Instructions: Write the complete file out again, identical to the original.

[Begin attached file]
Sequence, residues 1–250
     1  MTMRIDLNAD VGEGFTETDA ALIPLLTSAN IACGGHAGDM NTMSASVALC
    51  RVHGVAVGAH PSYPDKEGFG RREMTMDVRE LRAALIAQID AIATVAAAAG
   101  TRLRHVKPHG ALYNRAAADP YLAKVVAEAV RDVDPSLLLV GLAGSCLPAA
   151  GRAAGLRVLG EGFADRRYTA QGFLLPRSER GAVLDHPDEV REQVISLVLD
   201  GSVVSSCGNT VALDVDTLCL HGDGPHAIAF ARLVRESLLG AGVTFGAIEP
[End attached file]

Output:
Sequence, residues 1–250
     1  MTMRIDLNAD VGEGFTETDA ALIPLLTSAN IACGGHAGDM NTMSASVALC
    51  RVHGVAVGAH PSYPDKEGFG RREMTMDVRE LRAALIAQID AIATVAAAAG
   101  TRLRHVKPHG ALYNRAAADP YLAKVVAEAV RDVDPSLLLV GLAGSCLPAA
   151  GRAAGLRVLG EGFADRRYTA QGFLLPRSER GAVLDHPDEV REQVISLVLD
   201  GSVVSSCGNT VALDVDTLCL HGDGPHAIAF ARLVRESLLG AGVTFGAIEP